3. Kaiser Permanente Hospitals and Medical Centers and the coalition of Kaiser Permanente unions

Interest-based bargaining between Kaiser Permanente Hospitals and Medical Centers and the coalition of Kaiser Permanente unions began well enough. Both teams were well-versed in the process and all constituencies had agreed to it. Bargaining was moving along well when the negotiators hit a snag. Some of the KP managers did not agree with the monetary settlement and wanted to negotiate the monetary section of the contract themselves. Some of the managers were so intransigent that the CEO was informed and called to decide the issue. After listening to both the managers and the negotiating teams, he decided that Kaiser Permanente would continue the interest-based negotiations to their conclusion. He stated that the labor peace the first negotiations brought was too valuable to lose. In his decision, he also asked the negotiating teams to consider the positions of the dissenting managers. The bargaining teams returned to the table and crafted a settlement that everyone endorsed, including the original dissenting managers. Issues with the use of sick leave were solved, and the salary settlement accounted for differences in the cost of living throughout the United States.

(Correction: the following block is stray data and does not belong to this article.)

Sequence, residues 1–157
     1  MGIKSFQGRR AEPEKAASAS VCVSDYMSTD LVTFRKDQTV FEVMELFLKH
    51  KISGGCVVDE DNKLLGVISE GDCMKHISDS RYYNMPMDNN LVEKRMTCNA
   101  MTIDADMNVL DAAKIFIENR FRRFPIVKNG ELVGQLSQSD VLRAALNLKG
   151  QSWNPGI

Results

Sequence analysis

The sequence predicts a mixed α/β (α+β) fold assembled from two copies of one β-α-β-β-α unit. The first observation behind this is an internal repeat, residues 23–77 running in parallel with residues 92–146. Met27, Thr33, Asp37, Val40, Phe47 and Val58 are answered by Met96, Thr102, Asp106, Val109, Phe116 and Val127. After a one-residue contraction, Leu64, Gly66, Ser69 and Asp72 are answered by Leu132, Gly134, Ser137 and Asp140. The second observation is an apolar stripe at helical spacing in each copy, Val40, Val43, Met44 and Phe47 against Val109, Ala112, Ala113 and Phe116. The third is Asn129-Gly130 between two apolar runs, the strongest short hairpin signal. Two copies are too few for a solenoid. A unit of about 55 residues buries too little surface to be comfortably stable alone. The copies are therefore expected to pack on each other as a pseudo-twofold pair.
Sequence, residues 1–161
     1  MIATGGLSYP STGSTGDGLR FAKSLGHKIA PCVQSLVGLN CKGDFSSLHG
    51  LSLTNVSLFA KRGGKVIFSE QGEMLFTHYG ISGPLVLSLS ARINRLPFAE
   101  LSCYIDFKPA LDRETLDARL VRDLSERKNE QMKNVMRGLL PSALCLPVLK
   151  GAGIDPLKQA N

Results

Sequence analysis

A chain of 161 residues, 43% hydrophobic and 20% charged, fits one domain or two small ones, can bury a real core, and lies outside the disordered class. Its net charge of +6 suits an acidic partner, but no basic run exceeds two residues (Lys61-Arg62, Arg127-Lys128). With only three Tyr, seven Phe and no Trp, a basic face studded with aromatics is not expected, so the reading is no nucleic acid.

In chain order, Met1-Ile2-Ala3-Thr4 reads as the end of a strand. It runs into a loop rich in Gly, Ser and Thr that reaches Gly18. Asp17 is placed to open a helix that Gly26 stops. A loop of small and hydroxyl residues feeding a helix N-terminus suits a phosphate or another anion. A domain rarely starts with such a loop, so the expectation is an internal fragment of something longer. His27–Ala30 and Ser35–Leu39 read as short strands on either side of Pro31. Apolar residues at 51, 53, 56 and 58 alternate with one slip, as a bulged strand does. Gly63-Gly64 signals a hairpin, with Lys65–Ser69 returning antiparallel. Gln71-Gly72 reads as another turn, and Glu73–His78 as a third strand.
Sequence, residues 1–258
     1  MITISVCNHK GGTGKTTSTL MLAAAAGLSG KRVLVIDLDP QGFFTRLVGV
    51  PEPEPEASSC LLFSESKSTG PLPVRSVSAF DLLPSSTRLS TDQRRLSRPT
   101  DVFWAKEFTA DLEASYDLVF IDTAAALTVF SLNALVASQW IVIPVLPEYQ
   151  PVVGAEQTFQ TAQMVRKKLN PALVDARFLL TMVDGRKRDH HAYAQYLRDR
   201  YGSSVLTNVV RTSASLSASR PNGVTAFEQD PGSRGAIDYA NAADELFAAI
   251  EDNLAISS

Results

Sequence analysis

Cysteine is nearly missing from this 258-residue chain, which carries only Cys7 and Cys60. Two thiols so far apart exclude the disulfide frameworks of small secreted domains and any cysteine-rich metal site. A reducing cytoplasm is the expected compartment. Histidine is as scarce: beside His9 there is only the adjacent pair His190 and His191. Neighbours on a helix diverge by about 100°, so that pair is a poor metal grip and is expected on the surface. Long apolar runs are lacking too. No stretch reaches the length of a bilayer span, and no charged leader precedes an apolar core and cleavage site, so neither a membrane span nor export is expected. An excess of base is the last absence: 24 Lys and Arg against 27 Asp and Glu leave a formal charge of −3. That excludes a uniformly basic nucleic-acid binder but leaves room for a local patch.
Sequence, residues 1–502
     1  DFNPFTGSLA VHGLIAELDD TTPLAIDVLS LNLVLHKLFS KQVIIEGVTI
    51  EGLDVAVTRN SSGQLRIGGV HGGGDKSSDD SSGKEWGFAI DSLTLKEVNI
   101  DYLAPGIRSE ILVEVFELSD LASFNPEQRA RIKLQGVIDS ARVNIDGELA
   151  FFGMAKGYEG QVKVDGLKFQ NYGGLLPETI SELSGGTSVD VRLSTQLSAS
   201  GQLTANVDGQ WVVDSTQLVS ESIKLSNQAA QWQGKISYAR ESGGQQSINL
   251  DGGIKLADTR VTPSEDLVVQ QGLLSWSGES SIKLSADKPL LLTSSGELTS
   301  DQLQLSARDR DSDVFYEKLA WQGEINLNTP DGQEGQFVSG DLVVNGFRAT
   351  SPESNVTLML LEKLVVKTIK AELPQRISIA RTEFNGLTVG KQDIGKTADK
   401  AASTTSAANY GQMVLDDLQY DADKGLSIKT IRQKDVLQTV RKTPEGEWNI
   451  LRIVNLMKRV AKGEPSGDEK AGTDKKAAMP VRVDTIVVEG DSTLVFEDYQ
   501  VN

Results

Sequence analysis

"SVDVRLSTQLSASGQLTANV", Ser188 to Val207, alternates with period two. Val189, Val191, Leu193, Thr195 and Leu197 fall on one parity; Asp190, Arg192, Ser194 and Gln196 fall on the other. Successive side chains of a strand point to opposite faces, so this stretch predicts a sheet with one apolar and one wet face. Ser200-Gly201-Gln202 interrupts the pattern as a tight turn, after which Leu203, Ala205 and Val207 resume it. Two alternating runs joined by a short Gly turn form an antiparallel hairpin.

4. Ramsey County, Minnesota, and AFSCME

One of the most successful sets of negotiations in the literature involves interest-based bargaining in the public sector (Brainerd 1998, 51-68). Ramsey County, Minnesota, and its eight AFSCME (American Federation of State, County and Municipal Employees) bargaining units had a history of bad labor-management relations, which finally culminated in a bitter strike in 1990. Following that strike, Ramsey County contracted out contract negotiations but kept the other functions of contract management in house until 1996. By that time, labor-management relations had become much more civil. Because of the new relations, the Executive Director of AFSCME Council 14 and the County Director of Personnel met in 1995 to discuss the upcoming contract negotiations in 1996. The discussion centered on whether to continue contracting out the negotiations or to use a new bargaining model and bring them back in house. They eventually decided to bring the negotiations back in house and used the new interest-based bargaining model. They presented three options to the Ramsey County Board, which chose the option to bring all labor relations functions back home. Thus began a truly bold move in county labor relations.

Once the County Board decided to conduct the contract negotiations in house and use interest-based bargaining, union and management representatives began the planning process. Both the management and union negotiators attended sessions on interest-based bargaining. Closer to the start of negotiations, the Minnesota Office of Dispute Resolution presented intensive training on team-building and communications, paid for by the County. All participants were given a copy of the book “Getting to Yes” (Fisher et al. 1991), which gave the background information on the process. The training process concluded with a one-day follow-up session.